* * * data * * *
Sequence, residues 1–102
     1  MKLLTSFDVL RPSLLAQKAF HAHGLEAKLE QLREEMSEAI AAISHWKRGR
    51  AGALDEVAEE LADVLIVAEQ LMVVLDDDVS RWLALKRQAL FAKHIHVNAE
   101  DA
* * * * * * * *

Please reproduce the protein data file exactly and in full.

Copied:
Sequence, residues 1–102
     1  MKLLTSFDVL RPSLLAQKAF HAHGLEAKLE QLREEMSEAI AAISHWKRGR
    51  AGALDEVAEE LADVLIVAEQ LMVVLDDDVS RWLALKRQAL FAKHIHVNAE
   101  DA